“Ben Wigfall was a surrogate father for many of us on the New Paltz campus at that time. He was present at all the Black Student Union meetings, and was there when we negotiated with the administration to create the Black Studies Department. On weekends he would find time to interview students for what would eventually become the EOP program, and when we had Family Day, you can bet your last dollar Ben would be there with his recorder, taping everything for our history and our posterity.”
Dina Washington, a family friend who spent childhood years at Communication Village
“Communications Village is where I first came in contact with this extremely brilliant, creative, kind, and humble visionary. I am truly blessed to have had the influence of this remarkable man in my life. His influence contributed to my ability to persevere during rough patches in my life, and continue steadfastly in a positive direction. He believed in me when I didn’t believe in myself.”
Joe Ramos, faculty colleague in printmaking
“I respected Ben. He was a great artist and a great teacher, and he always spoke the truth to me, even if I didn’t like it. When he retired I missed him, but then he went on to open up Watermark Cargo Gallery. There I think was when he was really the happiest. He was able to bring those skills he had curating, talking about people’s art and mounting shows, and he seemed really content.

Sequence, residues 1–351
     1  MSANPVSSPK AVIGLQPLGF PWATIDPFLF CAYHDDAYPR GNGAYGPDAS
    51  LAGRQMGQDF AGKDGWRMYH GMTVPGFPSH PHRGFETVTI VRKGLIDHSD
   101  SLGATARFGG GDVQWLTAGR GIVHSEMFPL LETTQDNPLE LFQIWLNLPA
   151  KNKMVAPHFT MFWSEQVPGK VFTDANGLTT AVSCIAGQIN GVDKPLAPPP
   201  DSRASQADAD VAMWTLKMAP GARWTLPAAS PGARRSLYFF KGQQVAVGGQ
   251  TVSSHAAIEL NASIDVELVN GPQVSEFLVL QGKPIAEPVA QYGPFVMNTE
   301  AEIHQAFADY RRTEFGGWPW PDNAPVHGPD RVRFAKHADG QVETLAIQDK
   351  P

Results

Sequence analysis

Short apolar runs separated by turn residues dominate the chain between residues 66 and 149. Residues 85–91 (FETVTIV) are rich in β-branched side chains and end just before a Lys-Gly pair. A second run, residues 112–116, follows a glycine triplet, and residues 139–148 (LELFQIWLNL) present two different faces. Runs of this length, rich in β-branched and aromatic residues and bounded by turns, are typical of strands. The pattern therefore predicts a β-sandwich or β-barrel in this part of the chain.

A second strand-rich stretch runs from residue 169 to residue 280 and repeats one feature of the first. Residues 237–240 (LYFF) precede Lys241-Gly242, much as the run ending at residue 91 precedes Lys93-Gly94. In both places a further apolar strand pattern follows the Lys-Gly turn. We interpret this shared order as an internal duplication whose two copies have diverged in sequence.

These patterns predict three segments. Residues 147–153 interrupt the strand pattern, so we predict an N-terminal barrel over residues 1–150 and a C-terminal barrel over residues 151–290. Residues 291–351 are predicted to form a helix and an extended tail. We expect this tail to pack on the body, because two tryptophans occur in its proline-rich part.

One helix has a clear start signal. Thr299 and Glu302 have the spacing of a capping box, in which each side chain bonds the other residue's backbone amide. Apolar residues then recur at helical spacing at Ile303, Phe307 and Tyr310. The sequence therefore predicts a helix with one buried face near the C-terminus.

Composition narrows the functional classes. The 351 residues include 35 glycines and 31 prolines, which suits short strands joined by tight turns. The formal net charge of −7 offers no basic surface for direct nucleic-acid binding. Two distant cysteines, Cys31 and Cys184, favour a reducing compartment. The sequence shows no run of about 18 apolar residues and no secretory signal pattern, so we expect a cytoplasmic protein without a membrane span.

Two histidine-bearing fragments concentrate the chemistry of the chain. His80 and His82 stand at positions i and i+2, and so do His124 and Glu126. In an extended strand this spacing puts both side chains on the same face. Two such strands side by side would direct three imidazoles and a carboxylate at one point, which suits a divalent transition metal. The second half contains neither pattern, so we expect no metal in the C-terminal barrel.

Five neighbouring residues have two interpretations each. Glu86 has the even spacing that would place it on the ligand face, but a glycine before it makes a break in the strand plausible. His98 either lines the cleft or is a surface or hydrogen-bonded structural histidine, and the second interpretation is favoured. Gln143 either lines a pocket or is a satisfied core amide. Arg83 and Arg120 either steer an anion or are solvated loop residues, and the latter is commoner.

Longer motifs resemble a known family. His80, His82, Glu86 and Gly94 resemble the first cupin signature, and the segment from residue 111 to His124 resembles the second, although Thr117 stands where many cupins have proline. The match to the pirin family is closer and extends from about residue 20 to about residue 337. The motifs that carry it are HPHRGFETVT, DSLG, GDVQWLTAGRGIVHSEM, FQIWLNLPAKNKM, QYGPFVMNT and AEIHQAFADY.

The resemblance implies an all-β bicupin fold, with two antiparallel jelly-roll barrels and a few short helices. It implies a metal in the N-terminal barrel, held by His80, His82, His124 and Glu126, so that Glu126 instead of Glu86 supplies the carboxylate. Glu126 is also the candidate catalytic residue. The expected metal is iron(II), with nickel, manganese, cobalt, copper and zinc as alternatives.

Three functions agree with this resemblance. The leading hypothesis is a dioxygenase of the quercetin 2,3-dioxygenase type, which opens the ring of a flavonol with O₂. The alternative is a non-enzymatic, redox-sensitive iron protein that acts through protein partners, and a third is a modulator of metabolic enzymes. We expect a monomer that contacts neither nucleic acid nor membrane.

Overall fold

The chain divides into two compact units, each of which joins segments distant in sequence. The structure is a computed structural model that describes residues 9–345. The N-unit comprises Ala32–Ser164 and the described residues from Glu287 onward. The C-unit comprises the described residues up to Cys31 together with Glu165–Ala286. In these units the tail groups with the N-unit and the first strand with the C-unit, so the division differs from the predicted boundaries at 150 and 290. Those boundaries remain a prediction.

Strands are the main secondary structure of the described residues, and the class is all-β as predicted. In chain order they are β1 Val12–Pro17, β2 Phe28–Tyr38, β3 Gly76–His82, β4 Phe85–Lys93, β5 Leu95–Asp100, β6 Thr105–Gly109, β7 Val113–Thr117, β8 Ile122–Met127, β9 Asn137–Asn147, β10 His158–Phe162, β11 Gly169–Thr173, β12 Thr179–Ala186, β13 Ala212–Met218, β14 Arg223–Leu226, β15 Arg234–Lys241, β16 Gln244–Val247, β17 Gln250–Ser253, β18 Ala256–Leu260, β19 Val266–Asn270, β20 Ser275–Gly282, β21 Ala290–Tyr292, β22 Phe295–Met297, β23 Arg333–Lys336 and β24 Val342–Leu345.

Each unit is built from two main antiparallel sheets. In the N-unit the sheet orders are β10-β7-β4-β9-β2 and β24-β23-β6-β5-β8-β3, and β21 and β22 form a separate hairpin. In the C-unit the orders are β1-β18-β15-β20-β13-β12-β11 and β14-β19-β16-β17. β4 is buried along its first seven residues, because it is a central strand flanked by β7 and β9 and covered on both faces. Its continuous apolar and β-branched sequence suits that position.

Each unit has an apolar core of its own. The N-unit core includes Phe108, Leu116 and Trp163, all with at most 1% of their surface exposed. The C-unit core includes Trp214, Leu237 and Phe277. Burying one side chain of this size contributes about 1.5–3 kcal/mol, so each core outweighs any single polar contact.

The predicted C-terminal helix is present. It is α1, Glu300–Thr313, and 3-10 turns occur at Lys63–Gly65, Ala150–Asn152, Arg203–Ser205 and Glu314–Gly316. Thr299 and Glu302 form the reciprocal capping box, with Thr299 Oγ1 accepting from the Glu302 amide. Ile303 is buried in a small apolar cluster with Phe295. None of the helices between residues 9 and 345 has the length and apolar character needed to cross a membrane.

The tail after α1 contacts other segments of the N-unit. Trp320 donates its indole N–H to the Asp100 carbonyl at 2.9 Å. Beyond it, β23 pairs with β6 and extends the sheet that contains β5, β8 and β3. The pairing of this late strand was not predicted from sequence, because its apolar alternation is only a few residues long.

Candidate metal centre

Thomas Sarrantonio, student, friend, associate professor of art
“I had the privilege of showing at Watermark Cargo Gallery, and experiencing Ben’s great generosity. He would come to my studio and pick out paintings. He would surprise me with how he would hang the paintings in ways I never would have thought of, but it was always beautiful, and I was always thrilled with his care in putting on a show, and his great eye in seeing things in my work that I hadn’t seen myself.
“He had a youthful enthusiasm for possibilities in life and in art, and I think that’s what it was all about for him: exploring possibilities, not having a foregone conclusion you’re working toward. He made me a better artist, and he made me a better teacher.”
Anthony Faiola, former student, now head of biomedical & health information services at the University of Illinois at Chicago
“In all the time I was around Ben, almost every day for three years, I recall nothing more than a very deep impression of his gracious way of mentoring, and most of all, the way he cared about me as both a person and a student. In my view, although words may capture the precision of one’s thoughts, it is those less tangible feelings that embody the spirit and soul of a person. This is what I treasure about the memory of Ben Wigfall.”
Patty Tyrol, former student
“Ben was so devoted to us in the printmaking studio that he never left on the days he taught. He just got so entangled in everyone’s projects, talking to each of us at length, convincing or pushing us to try something new, then staying to see it through. We were so lucky to have him, and we knew it.”